First, an IMPORTANT Point
A very common question I receive is this:
- “What is the annual performance of Old School Value?” or
- “How much can I expect to make using Old School Value?”
Old School Value is NOT a stock picking newsletter or advisory service.
We do not not provide stock recommendations like a newsletter. The purpose of Old School Value is to empower you with the tools to pick the best value stocks on your own.
To put it into perspective, it would be like asking the Yahoo Finance department, what type of returns to expect using their site.
Some people have generated 20+% with OSV.
Some have made 10+% with OSV.
Heck, some people lost money after 2 weeks and canceled.
It comes down to how you use it. You are in the driver’s seat. What we provide are the tools and systems.
Having made that clear, let’s move on.
My 2017 Action Score Stock Picks
I own all these stocks across my retirement and non-retirement accounts.
There are a few I did not include, as they were not part of the Action Score picks.
The rule is to keep them all for one year for tax purposes. But transferring the investment money into the house is more important at this stage. I’ll have to bite the taxes.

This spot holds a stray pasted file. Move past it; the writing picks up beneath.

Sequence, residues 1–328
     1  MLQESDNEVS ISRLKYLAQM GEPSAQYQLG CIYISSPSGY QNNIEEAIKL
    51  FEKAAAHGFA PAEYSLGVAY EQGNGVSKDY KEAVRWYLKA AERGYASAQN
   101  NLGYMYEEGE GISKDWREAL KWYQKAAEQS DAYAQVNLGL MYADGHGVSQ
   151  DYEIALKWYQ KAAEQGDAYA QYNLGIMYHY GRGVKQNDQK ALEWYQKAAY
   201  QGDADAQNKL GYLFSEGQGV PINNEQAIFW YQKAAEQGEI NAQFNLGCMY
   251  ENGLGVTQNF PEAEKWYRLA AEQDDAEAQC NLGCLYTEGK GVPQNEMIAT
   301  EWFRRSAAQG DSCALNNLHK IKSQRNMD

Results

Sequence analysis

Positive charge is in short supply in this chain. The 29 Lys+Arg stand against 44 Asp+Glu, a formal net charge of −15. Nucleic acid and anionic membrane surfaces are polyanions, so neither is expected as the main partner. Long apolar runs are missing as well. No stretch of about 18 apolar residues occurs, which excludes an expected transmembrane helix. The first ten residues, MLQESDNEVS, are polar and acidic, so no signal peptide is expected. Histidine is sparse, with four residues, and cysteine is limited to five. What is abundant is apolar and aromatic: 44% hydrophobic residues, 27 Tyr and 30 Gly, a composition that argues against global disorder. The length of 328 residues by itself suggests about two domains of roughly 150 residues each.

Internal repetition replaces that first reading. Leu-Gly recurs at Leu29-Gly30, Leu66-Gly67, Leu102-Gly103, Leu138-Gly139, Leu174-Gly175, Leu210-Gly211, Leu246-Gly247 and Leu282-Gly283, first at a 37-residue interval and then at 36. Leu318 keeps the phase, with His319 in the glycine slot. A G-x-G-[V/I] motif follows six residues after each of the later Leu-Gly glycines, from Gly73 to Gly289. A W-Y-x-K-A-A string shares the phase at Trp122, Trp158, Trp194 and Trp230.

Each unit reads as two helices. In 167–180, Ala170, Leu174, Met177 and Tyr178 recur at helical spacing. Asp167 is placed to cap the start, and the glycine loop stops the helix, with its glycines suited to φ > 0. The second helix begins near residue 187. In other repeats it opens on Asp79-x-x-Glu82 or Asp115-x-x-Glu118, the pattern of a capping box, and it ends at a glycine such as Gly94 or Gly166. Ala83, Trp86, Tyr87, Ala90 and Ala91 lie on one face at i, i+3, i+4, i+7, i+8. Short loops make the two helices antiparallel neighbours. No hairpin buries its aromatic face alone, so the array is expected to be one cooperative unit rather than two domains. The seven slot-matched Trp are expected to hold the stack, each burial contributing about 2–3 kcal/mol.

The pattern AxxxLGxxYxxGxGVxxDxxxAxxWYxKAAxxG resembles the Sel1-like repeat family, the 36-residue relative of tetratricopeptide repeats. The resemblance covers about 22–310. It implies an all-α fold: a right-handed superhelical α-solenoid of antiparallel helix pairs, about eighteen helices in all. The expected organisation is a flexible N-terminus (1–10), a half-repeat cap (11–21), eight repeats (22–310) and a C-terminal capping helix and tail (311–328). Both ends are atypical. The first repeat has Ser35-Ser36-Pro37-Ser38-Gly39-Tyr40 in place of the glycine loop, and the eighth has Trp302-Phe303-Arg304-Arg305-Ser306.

For the data, I’ve included my average purchase prices as I either crept into some positions, or couldn’t buy the full position in one swoop due to reasons explained later on.
Some took a couple of weeks to buy, while others I ended very underweight.
You will see that I have a total of 26 stocks and the allocation is not equal as I just mentioned. I’ll discuss my reasoning in the following sections. Lots to go through.
I also doubt I’ll publicly reveal my entire Action Score portfolio like this again for simple reason.
- I won’t be liquidating my accounts like this again. Only able to show this as I am locking in the following gains and losses.
- I don’t want to defend any position to the general public
- I regularly test little things that don’t fall into any rules of thumb that could seem contradictory to the info I provide OSV Insiders
General Overview of How to Pick Action Score Stocks